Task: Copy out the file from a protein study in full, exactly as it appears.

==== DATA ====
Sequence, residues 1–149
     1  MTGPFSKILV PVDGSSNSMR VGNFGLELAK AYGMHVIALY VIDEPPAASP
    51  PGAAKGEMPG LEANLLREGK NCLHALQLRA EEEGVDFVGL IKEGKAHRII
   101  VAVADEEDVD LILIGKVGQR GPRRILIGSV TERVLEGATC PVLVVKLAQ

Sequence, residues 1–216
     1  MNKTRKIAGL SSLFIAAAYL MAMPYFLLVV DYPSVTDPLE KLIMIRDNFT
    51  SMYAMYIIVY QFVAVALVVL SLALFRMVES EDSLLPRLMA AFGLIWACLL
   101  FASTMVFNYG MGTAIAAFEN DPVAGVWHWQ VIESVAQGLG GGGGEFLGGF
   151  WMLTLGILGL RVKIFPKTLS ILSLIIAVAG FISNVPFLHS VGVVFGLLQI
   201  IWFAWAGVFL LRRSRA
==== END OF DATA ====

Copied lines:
Sequence, residues 1–149
     1  MTGPFSKILV PVDGSSNSMR VGNFGLELAK AYGMHVIALY VIDEPPAASP
    51  PGAAKGEMPG LEANLLREGK NCLHALQLRA EEEGVDFVGL IKEGKAHRII
   101  VAVADEEDVD LILIGKVGQR GPRRILIGSV TERVLEGATC PVLVVKLAQ

Sequence, residues 1–216
     1  MNKTRKIAGL SSLFIAAAYL MAMPYFLLVV DYPSVTDPLE KLIMIRDNFT
    51  SMYAMYIIVY QFVAVALVVL SLALFRMVES EDSLLPRLMA AFGLIWACLL
   101  FASTMVFNYG MGTAIAAFEN DPVAGVWHWQ VIESVAQGLG GGGGEFLGGF
   151  WMLTLGILGL RVKIFPKTLS ILSLIIAVAG FISNVPFLHS VGVVFGLLQI
   201  IWFAWAGVFL LRRSRA